More than 70 percent of Minnesota medical cannabis patients enrolled in the program for post-traumatic stress disorder report that their symptoms are reduced, according to a state Department of Health survey outlined by the Star Tribune. The survey found a “clinically meaningful” reduction on a screening tool that measures symptom severity in a similar percentage.
Minnesota added PTSD to the state’s medical cannabis regime in 2017 and now 18 percent of the state’s 17,202 qualified patients are enrolled for the condition. PTSD represents the second largest number of medical cannabis patients in the state behind intractable pain.
The survey was limited by a lack of comparison group as only half of the 751 people initially surveyed about their medical cannabis use for PTSD followed up on the subsequent survey. The survey also didn’t poll the type of cannabis being used and what THC content the products contained. Just 4 percent of respondents said they received little benefit from cannabis for their PTSD symptoms and about 20 percent reported mild side effects like increased appetite and dry mouth.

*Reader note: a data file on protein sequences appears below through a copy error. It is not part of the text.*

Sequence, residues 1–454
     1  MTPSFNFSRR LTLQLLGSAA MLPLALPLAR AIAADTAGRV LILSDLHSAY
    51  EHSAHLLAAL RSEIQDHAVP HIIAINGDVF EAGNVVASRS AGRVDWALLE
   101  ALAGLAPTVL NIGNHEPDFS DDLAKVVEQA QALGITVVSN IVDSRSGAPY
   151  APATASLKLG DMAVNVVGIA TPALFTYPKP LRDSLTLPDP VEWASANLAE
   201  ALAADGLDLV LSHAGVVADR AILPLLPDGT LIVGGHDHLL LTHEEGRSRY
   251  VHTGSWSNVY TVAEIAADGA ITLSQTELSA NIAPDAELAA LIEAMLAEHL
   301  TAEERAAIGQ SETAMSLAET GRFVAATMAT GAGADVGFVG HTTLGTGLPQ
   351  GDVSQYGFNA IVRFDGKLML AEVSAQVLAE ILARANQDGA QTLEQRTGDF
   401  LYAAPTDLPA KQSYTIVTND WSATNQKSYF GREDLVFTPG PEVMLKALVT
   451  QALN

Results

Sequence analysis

“My family sees a night-and-day difference, and it’s easier to communicate with them. I’ve since found a part-time job with flexible hours to work around starting college. … The only hope I have is that it becomes more affordable, as I’m barely able to afford it now.” – An anonymous respondent in the Minnesota Department of Health Survey
One respondent called medical cannabis “a life-changer,” reporting “better sleep [and] better appetite” and reduced anger.
Dr. Tom Arneson, a research manager for the state’s medical cannabis program, indicated to the Star Tribune that medical cannabis program enrollees were also “more willing to participate in psychological therapies, or feel like those therapies are more effective for them.”
The state is currently accepting petitions to add conditions to the state regime.
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